George Lois—the legendary art director whose iconic 1960s
Esquire covers influenced an entire generation of magazine designers—is getting
his due in the art world.

Lois’ work for Esquire is set to go on display at New
York’s Museum of Modern Art later this month. The show, "George
Lois: The Esquire Covers
," is scheduled to run from April 25 to March 31,

A wall in the gallery
will feature original artwork alongside seven of his most iconic covers,
including his controversial portrayals of Muhammad Ali (as the Christian martyr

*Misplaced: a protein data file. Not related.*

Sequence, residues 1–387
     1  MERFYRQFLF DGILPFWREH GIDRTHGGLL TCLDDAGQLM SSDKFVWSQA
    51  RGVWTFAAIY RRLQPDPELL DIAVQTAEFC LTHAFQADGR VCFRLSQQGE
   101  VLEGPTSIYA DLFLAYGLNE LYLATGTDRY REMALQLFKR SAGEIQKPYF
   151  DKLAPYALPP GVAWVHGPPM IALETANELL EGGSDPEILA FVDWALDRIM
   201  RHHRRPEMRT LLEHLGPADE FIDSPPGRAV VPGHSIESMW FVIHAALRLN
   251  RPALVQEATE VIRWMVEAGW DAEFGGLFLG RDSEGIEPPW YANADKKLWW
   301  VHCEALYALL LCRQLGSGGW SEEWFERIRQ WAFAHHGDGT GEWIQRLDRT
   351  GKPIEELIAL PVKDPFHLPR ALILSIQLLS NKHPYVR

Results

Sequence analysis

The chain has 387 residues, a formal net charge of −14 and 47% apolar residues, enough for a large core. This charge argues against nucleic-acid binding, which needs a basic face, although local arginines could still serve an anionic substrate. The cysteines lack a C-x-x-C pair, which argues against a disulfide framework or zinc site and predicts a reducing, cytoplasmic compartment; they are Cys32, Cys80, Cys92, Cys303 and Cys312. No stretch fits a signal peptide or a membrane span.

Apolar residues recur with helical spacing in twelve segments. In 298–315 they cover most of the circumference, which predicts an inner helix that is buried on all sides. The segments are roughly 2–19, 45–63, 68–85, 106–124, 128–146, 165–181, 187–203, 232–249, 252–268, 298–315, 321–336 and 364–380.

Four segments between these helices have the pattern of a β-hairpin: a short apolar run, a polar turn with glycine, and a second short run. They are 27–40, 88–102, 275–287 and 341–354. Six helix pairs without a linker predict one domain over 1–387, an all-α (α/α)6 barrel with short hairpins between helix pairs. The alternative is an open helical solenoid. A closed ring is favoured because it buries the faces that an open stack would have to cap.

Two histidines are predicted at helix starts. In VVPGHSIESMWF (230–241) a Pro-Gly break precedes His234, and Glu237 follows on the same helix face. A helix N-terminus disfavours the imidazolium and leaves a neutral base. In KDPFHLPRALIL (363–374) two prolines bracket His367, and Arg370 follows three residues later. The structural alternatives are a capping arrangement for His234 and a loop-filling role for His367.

St. Sebastian) and Andy Warhol. The museum will feature 32 of the 92 covers
Lois did for Esquire between 1962 and 1972.

Lois was credited
with pioneering cover montages that would often include multiple elements,
including clip-art—now a common practice in the digital era—and a minimalist design

His December 1963 cover, featuring boxer Sonny Liston as a
black Santa Claus, sparked substantial criticism and reportedly lost Esquire an estimated $750,000 in ad
revenue, according to the release accompanying the exhibit. But riding
critical acclaim—much of it driven by Lois’ covers—Esquire made
more than $3 million in profit as annual circulation rose from 500,000 to 2.5